- “Who knows when he will come, since he will come like a thief? You do not know at what time he will come; be always vigilant” (en. Ps. 120,3).
* For you, what does it mean to keep watch?
* With what concrete acts do you manifest that you are vigilant, waiting for the Lord?
- “The master of the house whom the hour will catch by surprise; that master of the house symbolized the proud. … Masters of the house who presume of their covetousness and wallow in the pleasures of the world, are conceited and rise up against the humble” (en. Ps. 120, 3).
- Why is humility important?
- How can one avoid pride?
- Pray with this phrase: “Help me, Lord, to be prepared for your coming.”
I propose to you some points for affective interior contemplation. Once again, you need not follow all of it, rather you can choose what fits your personal experience.
- Contemplate how Christ returns in the midst of the clouds of heaven and convokes all men. Consider the account you have to give of your life.
- Contemplate Christ, Lord and Judge of History, and adore his infinite majesty. Say within your heart: “You are my salvation” (conf. 1, 5).
Think of everything that you can share with those around you about the experience you had with God, especially concerning the second coming of Christ and the universal judgment. The following points can help you as guide to share with your community the experience of the lectio divina on this text.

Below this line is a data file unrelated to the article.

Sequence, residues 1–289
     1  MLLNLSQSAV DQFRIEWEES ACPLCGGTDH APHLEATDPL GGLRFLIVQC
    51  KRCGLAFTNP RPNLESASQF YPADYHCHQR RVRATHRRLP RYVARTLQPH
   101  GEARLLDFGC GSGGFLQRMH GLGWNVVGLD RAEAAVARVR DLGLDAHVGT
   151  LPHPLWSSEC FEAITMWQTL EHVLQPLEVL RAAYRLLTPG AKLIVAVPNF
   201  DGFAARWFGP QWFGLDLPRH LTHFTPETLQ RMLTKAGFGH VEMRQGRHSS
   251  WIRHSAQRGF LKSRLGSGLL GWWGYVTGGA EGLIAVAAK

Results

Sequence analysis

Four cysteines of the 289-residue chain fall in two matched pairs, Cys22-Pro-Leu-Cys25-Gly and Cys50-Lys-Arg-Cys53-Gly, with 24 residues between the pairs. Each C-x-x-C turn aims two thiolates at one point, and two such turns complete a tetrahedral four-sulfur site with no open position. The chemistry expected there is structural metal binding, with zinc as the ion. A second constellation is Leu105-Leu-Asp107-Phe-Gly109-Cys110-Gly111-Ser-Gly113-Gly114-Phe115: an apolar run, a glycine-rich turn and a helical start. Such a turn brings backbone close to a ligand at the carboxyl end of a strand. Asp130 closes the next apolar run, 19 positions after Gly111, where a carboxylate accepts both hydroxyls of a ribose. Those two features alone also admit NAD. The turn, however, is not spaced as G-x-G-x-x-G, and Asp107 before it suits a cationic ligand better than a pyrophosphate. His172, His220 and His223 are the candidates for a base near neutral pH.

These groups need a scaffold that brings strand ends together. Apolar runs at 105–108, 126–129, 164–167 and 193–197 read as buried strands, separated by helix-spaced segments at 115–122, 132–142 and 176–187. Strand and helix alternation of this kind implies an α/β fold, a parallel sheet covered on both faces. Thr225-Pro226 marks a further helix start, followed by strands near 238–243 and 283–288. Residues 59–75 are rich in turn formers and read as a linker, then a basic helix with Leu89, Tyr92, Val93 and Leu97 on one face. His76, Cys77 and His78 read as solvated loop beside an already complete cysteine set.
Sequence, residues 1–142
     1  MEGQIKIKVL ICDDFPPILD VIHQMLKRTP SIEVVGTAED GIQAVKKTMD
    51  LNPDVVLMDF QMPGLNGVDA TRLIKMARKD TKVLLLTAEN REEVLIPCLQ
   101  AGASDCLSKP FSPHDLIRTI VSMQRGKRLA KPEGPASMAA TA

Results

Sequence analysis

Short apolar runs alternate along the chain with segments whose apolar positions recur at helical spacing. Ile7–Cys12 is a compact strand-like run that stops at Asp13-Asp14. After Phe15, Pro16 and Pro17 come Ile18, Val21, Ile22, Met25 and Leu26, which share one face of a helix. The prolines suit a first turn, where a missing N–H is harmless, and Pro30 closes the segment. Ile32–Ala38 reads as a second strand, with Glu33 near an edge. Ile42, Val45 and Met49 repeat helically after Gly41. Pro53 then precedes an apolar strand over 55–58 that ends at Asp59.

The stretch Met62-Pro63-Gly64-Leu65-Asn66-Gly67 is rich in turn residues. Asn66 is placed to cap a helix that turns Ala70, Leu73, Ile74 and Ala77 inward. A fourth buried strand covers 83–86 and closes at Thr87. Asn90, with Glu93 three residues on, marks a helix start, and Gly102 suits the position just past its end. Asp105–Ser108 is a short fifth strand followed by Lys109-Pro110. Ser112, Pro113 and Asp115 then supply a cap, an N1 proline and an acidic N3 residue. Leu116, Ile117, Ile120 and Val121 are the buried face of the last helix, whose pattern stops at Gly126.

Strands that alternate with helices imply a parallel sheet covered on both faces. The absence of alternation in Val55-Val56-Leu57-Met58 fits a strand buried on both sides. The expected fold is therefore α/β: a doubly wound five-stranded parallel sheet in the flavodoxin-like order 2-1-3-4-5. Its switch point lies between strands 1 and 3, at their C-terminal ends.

- What have I discovered about God and about myself in this moment of prayer?
- How can I apply this text of Scripture at this moment of my life? What light does it give me? What challenges does it put before me?
- What concrete commitment does this text of Scripture ask of me in my spiritual life, in my community life?
- What has been my predominant sentiment during this moment of prayer?
G. Final Prayer of St. Augustine
Turning towards the Lord: Lord God, Father Almighty, with pure heart, as far as our littleness permits, allow us to give you our most devoted and sincere thanks, begging with all our strength from your particular goodness, that by your power you may drive away the enemy from all our thoughts and actions; that you may increase our faith, govern our mind, give us spiritual thoughts and bring us to your happiness, through your Son Jesus Christ, our Lord, who with you lives and reigns, in the unity of the Holy Spirit, God, forever and ever. Amen (en. Ps. 150:8). +
“The judgments of God are mysteriously just and justly mysterious (ciu. 20, 19, 4).